Melissa McKirdie's interest in sonography was sparked during her own pregnancies.
"I found it amazing to see my children before they were born. It brought a sense of comfort to know that someone could take a peek to make sure everything was OK," she said. "As I researched the field of sonography, I came across the Occupational Outlook Handbook, and the information presented sealed the deal for me. It described a career where you work as part of a team, interact with patients and various health care personnel, and use equipment that takes internal images which aid doctors in the diagnosis, monitoring and treatment of various diseases and conditions. All of this appealed to me."
Before making the switch, McKirdie worked for six years at a therapeutic day school for children with autism spectrum disorders. She helped to develop a variety of positions, some of which she also held: Relatedness Therapist, Adapted Physical Education Instructor, Parent Trainer and Applied Behavior Analysis Therapist/Consultant. While her career was rewarding, she also found it heart-wrenching to see the challenges that the children and their families faced.
Now McKirdie trains students as they become sonographers, and she feels a surge of excitement and pride upon seeing a student’s skills set and critical thinking skills develop right before her eyes.
"Students go from not being able to find the aorta to being able to thoroughly assess it using a prescribed protocol which involves scanning in two planes, annotating, measuring, utilizing color Doppler, and taking velocity measurements -- all while determining whether or not disease is present," she said. "It is also rewarding to visit the clinical sites and see students applying their newly formed scanning skills as they continue to further develop and refine them. In the clinical setting, students also have to implement all the other ‘stuff’ that they learn in their didactic courses, such as proper review of prior exams from various imaging modalities, interpretation of laboratory results, obtaining a thorough clinical history, explaining the procedure to the patient, exam protocols, and field-appropriate communication of the findings to the radiologist. This must be done while maintaining a compassionate and professional attitude.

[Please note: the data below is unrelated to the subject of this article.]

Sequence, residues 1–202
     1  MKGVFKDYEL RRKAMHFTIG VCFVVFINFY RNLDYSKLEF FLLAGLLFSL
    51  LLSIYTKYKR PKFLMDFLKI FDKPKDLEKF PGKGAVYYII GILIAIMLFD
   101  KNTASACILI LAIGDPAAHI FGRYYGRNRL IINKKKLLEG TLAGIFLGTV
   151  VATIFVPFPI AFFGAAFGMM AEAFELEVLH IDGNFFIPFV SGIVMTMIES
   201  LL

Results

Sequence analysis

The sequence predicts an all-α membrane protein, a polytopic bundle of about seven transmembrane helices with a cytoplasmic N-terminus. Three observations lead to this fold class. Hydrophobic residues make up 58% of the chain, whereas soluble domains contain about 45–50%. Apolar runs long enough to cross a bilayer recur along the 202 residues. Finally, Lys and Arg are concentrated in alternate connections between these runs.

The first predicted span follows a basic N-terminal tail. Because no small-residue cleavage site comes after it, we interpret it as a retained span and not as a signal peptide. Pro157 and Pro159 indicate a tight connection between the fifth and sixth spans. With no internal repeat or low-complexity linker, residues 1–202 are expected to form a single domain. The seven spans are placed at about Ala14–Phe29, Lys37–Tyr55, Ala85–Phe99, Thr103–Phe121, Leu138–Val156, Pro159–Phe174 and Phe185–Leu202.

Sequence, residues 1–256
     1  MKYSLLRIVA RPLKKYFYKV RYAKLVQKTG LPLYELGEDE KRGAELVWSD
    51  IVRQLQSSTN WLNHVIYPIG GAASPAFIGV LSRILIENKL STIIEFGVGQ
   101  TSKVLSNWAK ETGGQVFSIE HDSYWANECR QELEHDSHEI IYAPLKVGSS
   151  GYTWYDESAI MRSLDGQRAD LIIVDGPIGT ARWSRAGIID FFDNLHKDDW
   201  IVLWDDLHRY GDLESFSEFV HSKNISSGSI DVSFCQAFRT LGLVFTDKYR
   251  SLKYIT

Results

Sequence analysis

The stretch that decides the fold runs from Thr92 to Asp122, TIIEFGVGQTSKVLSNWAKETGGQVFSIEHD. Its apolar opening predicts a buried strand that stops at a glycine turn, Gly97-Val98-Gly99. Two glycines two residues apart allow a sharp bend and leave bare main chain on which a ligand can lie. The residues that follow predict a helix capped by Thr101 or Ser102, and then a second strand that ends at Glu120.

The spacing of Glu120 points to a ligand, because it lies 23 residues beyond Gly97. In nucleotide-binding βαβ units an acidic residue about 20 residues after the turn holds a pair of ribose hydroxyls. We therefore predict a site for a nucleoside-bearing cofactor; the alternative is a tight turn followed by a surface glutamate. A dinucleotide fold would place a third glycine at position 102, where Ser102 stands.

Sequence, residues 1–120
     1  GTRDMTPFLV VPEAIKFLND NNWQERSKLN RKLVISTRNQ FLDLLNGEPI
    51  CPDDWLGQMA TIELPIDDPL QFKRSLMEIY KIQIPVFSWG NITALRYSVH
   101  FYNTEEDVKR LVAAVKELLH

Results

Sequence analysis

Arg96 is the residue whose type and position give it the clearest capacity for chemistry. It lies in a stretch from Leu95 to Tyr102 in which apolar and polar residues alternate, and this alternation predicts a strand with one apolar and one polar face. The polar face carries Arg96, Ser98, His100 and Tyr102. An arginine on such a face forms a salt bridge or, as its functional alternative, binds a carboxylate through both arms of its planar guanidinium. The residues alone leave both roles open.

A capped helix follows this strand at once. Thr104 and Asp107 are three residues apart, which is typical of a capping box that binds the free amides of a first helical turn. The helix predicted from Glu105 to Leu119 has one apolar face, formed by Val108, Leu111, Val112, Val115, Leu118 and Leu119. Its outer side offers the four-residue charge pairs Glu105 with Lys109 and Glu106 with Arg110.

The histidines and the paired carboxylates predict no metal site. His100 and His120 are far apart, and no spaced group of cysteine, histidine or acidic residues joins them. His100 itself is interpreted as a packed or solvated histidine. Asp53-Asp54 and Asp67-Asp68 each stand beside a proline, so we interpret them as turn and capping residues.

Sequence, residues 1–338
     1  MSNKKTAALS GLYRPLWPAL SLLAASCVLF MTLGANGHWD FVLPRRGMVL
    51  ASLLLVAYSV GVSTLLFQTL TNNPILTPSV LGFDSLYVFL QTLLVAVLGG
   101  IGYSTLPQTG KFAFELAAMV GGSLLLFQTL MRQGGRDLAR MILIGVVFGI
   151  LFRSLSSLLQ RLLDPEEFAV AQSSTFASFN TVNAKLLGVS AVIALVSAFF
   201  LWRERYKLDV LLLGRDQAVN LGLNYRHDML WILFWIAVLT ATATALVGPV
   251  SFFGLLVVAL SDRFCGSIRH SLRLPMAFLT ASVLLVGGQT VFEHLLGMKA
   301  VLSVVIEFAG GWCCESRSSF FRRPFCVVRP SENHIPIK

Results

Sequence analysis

"Since every student learns differently, it’s a pleasant challenge to determine ‘how’ each student needs to be instructed to be successful. During that quest, I enjoy developing new ways to facilitate understanding of various concepts, one of which is to make organs out of clay and then slice them to demonstrate the scan planes, and orientation of what is displayed on the machine's monitor."
In return, McKirdie hopes her students gain a sense of accomplishment and pride with the skills and knowledge they acquire in class.
"They need to be competent, compassionate and professional, as their responsibilities as a sonographer are quite serious," she said. "I often ask them to think of each patient as if they were a loved one. ‘How would you want them to be treated as a person, and how would you feel if their exam was not conducted appropriately and a condition or disease was missed?’ It reminds them of their responsibility as a health care provider."
In addition to her students, McKirdie is inspired by her family, patients, co-workers and many more on a daily basis.
"It is awesome to see so many smart, hardworking, helpful, fun people out there who are forever striving to make this world a better place, not only for themselves but for us all," she said.